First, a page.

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Re: 1/f spectra
I don't know the Science paper
you refer to, but there have been a few studies on the spectra on natural
sounds:. The problem is the particular setting or corpus of sounds
surveyed will affect the results.
Hodgson, M. R., Rempel. R.& Kennedy, S. (1997).
“Measurement and prediction of typical speech and backgroundnoise levels
in university classrooms during lectures,” J. Acoust. Soc. Am.
Hoth, D.F. (1941). “Room noise spectra at subscriber’s
telephone locations,” J. Acoust. Soc. Am. 12,
looked at classroom and offices, respectively, and generally found that
the spectrum of summed background sounds rolls off (declines in
amplitude) according to a 1/f function, somewhat similar to pink
However, in Gygi, B., Kidd, G. R. and Watson, C. S.
"Spectral-temporal factors in the identification of natural
sounds", to be published in JASA in Jan/Feb., I summed 100
environmental sounds and found that the long-term spectrum had slightly
less than a 1/f slope, possibly due to the inclusion of a
number of impact sounds that had high frequency transients.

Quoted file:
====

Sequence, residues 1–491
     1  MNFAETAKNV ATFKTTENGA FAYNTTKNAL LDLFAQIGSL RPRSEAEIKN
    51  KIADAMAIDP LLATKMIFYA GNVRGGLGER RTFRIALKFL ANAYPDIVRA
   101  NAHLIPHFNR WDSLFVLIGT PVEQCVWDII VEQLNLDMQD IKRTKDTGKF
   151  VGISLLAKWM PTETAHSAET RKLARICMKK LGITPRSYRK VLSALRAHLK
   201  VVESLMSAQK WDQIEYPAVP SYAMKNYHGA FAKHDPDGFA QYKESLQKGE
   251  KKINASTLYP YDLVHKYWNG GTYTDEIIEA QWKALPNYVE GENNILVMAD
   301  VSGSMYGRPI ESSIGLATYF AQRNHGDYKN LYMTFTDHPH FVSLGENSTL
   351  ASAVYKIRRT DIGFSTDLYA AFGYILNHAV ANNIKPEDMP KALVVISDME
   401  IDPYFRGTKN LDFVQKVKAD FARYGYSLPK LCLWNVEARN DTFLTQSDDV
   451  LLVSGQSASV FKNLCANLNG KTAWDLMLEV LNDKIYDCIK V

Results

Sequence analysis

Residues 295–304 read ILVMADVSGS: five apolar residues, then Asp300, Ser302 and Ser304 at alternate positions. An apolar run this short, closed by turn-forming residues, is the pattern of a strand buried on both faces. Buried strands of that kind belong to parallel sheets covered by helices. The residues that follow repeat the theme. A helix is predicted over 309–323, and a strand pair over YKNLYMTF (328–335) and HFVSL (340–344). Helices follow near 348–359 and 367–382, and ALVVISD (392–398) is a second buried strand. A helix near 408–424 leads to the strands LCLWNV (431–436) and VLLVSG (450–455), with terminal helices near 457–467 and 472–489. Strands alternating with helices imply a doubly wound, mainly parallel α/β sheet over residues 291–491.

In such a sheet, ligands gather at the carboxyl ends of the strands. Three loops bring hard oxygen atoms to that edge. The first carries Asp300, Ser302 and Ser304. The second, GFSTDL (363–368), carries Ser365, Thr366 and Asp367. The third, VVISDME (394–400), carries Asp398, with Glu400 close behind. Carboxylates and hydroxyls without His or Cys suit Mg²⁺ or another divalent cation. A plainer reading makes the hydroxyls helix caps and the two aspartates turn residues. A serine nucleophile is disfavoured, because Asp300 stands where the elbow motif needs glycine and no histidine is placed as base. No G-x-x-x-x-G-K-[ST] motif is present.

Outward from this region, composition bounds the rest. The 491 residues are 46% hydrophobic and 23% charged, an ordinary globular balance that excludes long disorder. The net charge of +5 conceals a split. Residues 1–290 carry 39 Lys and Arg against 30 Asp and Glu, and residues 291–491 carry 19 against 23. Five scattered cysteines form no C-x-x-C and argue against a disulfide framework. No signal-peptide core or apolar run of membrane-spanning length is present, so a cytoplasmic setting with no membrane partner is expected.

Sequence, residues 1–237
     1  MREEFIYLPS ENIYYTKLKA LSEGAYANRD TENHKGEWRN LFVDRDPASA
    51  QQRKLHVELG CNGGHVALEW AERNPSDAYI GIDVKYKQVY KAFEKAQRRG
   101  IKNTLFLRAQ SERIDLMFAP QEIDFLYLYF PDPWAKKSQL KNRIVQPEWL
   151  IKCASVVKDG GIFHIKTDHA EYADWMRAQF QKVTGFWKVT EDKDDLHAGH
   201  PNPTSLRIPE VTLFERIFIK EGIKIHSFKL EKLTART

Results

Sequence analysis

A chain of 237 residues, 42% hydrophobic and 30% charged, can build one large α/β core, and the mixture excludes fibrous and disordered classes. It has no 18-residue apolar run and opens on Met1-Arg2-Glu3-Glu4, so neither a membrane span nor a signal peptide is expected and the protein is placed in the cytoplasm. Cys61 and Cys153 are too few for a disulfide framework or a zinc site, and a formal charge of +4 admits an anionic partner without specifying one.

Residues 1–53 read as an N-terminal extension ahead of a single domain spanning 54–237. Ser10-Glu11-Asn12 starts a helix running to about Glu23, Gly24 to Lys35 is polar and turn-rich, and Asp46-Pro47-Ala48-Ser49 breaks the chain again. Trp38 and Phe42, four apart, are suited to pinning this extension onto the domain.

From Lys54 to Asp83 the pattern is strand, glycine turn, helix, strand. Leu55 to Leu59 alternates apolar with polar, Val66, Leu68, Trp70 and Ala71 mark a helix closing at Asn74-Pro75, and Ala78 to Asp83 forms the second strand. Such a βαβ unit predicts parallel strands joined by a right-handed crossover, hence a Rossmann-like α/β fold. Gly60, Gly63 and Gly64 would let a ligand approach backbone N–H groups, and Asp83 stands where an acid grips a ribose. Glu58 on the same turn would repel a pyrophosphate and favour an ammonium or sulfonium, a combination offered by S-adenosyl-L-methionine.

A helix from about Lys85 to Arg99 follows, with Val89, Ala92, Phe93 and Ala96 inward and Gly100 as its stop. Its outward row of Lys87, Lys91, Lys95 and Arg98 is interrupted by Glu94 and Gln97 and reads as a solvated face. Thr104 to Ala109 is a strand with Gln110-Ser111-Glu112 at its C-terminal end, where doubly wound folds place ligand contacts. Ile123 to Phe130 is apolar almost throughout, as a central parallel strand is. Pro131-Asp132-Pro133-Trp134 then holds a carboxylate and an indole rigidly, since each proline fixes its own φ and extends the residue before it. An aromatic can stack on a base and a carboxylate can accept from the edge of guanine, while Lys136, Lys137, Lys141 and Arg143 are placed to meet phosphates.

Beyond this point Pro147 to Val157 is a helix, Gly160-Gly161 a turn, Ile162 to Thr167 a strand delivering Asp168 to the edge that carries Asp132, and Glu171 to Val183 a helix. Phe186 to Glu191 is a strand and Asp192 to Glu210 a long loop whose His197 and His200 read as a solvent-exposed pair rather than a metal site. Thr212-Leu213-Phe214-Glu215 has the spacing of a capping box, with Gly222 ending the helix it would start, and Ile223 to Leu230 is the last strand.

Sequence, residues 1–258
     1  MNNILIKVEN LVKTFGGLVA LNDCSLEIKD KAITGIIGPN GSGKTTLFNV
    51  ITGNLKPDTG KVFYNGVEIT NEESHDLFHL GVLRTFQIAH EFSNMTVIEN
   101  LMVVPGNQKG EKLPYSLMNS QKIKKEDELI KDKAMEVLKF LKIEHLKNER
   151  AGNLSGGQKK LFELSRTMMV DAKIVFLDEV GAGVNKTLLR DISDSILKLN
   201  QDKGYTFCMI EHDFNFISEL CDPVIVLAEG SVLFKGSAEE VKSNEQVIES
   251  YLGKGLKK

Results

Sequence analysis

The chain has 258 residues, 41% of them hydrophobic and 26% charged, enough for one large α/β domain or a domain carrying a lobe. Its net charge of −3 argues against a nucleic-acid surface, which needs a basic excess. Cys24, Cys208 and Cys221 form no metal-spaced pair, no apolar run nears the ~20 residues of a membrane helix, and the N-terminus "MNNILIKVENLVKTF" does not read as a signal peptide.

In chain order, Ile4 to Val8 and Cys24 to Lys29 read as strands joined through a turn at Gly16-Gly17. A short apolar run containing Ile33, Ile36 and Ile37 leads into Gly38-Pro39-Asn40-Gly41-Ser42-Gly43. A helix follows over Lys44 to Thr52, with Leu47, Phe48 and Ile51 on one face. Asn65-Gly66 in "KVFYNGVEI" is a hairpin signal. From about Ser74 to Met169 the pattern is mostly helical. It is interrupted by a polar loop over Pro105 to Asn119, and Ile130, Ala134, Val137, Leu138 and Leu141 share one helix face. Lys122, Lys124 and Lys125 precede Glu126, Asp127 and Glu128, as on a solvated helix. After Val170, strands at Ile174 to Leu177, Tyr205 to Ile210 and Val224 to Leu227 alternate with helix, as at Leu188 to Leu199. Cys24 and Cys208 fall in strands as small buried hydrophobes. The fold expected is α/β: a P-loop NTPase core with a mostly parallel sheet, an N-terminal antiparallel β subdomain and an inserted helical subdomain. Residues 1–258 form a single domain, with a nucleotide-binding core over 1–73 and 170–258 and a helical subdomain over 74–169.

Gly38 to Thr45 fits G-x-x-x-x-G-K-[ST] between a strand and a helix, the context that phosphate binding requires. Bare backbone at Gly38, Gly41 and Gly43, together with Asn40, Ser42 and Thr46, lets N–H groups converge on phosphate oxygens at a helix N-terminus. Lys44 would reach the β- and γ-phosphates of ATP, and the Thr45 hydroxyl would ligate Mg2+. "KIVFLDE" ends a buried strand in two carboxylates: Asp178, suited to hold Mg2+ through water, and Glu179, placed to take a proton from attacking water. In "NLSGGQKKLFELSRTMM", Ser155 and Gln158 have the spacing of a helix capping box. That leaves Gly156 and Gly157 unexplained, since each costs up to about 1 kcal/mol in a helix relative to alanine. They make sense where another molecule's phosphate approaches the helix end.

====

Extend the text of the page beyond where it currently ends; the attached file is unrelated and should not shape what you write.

In general, in
Attias, H. & Schreiner, C. E. (1997). “Temporal loworder
statistics of natural sounds”. In Advances in Neural Info Processing
Systems, 9, edited by M. Mozer (MIT Press, Cambridge, MA), pp
the authors examined low-order statistics for speech, environmental
sounds and music gathered from samples on CD sound effects. They
found that the power spectra rolled off according to a modified power
is the amplitude of the spectrum at frequency
ranges from 1.0-2.5, and
specifies the f at which the rolloff begins. The
rolloff value is higher for speech than music or environmental
sounds. Note that the 1/f spectral rolloff mentioned above
is a special case of this general law.
I hope this helps.
At 06:29 PM 11/14/2003 +0000, Jan Schnupp wrote:
I have heard it said on a number of occasions that 1/f spectra are
commonly encountered among natural signals, and one might perhaps
the auditory system to reflect this fact in its design
(perhaps the fact that auditory filters get wider at higher CF and
approximately logarithmically spaced is a simple relfection of the
nature of many sounds?)
However, I don't know ANY literature that discusses this 1/f phenomenon.
seem to remember somebody mentioning at a conference that there is
"classic" Science paper that marks the "discovery of the
If that is the case, I'd love to know the citation for it. Any
references for other (particularly recent!) work relating to 1/f and
role in audition would of course also be very welcome. (Even better
be pdf files of relevant papers, if anyone has any).
Thank you very much in advance for your help,
Dr. Jan Schnupp
University Laboratory of Physiology
Parks Road, Oxford OX1 3PT, UK
Tel: +44-1865-272513 Fax: +44-1865-272469